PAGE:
Dard-e-disco: What the term really means

Monday, July 21, 2008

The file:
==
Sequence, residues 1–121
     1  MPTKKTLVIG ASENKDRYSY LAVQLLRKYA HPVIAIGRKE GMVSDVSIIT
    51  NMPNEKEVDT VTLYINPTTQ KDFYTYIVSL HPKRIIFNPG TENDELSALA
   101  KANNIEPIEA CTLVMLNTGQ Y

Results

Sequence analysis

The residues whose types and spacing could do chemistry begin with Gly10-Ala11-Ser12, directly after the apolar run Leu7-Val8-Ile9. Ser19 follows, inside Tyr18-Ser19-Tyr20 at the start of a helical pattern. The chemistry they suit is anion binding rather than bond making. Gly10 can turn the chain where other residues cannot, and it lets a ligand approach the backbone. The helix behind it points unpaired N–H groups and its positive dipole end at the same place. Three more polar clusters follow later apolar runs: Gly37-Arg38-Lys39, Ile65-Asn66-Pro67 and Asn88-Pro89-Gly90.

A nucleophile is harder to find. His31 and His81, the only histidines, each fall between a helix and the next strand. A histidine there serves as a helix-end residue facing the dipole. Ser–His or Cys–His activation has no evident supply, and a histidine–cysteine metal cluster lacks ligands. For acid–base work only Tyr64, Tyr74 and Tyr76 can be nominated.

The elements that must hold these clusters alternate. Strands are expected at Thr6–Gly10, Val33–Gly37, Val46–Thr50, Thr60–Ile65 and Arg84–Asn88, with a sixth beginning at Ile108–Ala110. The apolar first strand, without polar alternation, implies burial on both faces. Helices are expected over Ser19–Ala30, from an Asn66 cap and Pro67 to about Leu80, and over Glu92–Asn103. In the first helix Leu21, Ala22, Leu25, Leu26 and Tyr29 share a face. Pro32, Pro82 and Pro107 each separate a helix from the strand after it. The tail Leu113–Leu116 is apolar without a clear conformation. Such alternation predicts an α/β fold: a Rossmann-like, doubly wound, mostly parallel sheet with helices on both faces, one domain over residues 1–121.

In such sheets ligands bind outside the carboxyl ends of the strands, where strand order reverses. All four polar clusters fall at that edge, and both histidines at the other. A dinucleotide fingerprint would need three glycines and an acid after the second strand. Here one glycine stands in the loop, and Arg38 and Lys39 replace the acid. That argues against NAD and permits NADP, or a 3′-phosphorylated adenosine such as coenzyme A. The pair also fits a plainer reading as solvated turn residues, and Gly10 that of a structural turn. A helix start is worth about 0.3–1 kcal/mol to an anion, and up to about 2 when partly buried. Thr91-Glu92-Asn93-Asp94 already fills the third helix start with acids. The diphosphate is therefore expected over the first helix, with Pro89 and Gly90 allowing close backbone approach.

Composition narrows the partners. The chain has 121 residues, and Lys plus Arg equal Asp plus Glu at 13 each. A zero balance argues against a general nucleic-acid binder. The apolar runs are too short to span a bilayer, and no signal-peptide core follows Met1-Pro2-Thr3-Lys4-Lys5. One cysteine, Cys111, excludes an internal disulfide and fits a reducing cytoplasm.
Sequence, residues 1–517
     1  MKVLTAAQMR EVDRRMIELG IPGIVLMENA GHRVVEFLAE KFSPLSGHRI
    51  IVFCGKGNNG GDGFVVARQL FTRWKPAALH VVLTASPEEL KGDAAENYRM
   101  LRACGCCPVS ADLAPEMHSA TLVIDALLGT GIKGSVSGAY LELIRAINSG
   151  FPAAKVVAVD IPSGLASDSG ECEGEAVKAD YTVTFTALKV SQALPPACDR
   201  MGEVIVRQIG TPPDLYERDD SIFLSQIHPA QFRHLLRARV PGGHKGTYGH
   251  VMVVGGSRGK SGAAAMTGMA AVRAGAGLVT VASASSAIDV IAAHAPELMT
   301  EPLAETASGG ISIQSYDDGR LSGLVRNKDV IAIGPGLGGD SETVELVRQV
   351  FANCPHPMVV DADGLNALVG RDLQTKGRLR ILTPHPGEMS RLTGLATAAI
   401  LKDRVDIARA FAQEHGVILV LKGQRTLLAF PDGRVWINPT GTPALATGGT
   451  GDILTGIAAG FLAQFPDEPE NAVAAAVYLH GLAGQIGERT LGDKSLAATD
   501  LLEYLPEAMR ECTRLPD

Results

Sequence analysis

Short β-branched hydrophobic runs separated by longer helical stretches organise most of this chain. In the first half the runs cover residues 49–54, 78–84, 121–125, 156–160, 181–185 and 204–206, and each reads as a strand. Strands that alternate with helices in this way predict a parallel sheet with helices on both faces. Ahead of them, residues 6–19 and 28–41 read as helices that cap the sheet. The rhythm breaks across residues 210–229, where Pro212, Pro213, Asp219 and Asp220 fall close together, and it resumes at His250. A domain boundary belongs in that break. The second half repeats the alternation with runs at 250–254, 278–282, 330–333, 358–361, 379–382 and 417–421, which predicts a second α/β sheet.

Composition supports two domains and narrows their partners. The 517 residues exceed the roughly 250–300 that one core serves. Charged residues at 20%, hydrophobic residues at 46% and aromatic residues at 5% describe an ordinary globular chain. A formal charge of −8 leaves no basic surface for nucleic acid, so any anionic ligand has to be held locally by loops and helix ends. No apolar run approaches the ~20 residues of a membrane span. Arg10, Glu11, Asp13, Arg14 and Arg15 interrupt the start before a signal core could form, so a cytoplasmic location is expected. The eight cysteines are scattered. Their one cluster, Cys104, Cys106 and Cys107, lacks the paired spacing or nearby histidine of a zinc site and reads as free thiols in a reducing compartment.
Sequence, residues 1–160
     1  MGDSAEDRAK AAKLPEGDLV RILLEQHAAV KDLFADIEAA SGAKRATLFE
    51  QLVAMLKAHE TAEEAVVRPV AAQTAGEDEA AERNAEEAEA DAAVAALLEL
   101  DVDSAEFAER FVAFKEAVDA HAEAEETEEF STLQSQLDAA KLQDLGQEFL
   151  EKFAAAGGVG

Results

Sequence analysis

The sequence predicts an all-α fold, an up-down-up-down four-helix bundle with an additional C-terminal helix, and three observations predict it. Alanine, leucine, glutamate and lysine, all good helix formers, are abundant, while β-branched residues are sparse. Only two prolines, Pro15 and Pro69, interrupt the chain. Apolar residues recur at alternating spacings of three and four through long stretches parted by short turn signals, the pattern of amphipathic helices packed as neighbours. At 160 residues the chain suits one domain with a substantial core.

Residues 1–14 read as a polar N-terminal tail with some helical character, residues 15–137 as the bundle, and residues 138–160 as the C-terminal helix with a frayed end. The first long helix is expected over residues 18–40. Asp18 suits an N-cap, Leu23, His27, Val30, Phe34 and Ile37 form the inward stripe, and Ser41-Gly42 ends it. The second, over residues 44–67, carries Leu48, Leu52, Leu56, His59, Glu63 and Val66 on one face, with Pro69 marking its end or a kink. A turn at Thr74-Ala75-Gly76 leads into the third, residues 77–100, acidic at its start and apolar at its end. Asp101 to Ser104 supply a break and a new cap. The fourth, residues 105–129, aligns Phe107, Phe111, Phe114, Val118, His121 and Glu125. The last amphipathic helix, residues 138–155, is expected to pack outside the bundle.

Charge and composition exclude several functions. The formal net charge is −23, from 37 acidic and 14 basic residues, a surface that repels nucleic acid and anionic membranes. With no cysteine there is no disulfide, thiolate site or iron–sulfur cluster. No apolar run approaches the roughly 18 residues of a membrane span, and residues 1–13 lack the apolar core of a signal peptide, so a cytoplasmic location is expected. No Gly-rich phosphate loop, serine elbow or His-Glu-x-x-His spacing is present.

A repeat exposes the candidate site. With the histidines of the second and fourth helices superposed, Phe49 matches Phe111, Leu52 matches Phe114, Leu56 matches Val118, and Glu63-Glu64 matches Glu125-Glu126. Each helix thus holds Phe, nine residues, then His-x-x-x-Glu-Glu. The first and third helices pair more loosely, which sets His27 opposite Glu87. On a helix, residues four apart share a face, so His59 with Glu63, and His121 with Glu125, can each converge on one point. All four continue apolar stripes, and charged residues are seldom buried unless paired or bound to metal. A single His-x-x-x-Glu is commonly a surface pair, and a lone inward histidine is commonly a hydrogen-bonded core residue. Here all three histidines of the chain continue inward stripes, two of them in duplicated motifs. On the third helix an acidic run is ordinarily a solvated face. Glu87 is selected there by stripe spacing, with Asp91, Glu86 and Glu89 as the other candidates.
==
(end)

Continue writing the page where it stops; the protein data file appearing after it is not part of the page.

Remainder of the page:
There are times when you know something is profoundly meaningful, even if you cannot put your finger on it. I really have no clue what dard-e-disco means (the dance of pain, the pain in one’s joints when you dance, or the pain of watching anyone do disco dancing?) but it seems clear to me that it marks some important shift in the way we consume Hindi cinema. Brought up on tearful laments about the pain involved in love, and in fact in life itself, the idea that the site of dard could move from dil and jigar to disco is certainly a new one. Using the same Urdu trick of hyphenating adjectives and emotions in order to magnify effect (dard-edil, dard-e-jigar, mallika-e-tarannum), it empties the device of its previous self-importance, mocking its pretensions even as it triumphantly revels in its own superficiality. In doing so, it takes potshots at something we take very seriously — our capacity for psychological injury. Song after song in Hindi films dripped with self-pity, as we listed all that world had done us hard by. Bedard, zaalim, bewafa, rusva, tanha, duhai, barbad are the kind of words that one tends to encounter in conjunction with concepts like wafa, jafa, gam, sharm-o-haya and of course, dard.In a larger sense the Hindi film was a therapeutic dialogue with one’s self. Sudhir Kakar calls the Hindi film a place where we carry out our long-standing quarrel with reality. The theatre was a return to the womb, where in the darkness of the cinema hall, we regressed to our balledup psychological selves and located ourselves in the psycho-dramas screened to us. Hindi films have never been about any reality but again, as someone has argued, that does not make them any less real. The characters are not people, but symbolic representations of values (The awash-with-breast-milk Mother, The stern-because-of-the-burden-of-duty Father, the disruptive-young-daughter-in-law-from-a-rich-family,thevirtuous-sister-who-needs-constant-protection-from-lecherous-men) and the stories a timeless re-telling of old mythologies. Manmohan Desai once claimed that all his films were a re-telling of the Mahabharata. I grew up at a time when virtually every film was a lostand-found saga. One entered the theatre 15 minutes late waiting for the family to have got scattered and for the obnoxious child star brats to have morphed into our heroes while kicking a football or a can. As an illustration of the therapeutic role played by Hindi cinema, the lost-andfound theme is particularly revealing. The idea of emotional exile, and maternal abandonment leading to the climactic re-union spoke to something deep and real inside us. While Hindi cinema has ostensibly told us stories about the characters it portrays, the stories have really been about ourselves. Whether it was Vijay playing his disappointment with failed father figures, or a Rahul helping us negotiate a peaceful settlement with modernity, the role of cinema has been to provide us with psychological succour with its thinly veiled fantasies. Bollywood has for decades been plonking us on its lap and thudding our heads with a gentle rhythm, lulling us into a state of thumbsucking contentment. Perhaps things are changing. Not dramatically or discontinuously but changing nevertheless. The films we see in recent times are beginning to locate us outside the frame of the story. We are beginning to consume stories rather be consumed by stories about ourselves. The detachment of the viewer from the story, the uncoiling of the historical from the mythological is the process that has just been set in motion. When we are able to dance to dard-e-disco, when a film like Om Shanti Om makes us consume images of our own past, not as tradition but as fashion, it is a sign that things are changing. We are being able, for the first time to act like consumers of cinema. Cinema is being reduced to mere entertainment rather than a twisted form of therapy. And even when cinema grapples with issues, it is beginning to do so in a contemporary, conscious way. Taare Zameen Par is a good case in point where the questions it addresses belong to the world of conscious parenting. Of course, we still have our Baghbaans, we still have Karan Johar, and of course we have the saas-bahu serials which are forms of therapy masquerading as surreal nightmares. But change is afoot, and some credit is due to dard-e-disco


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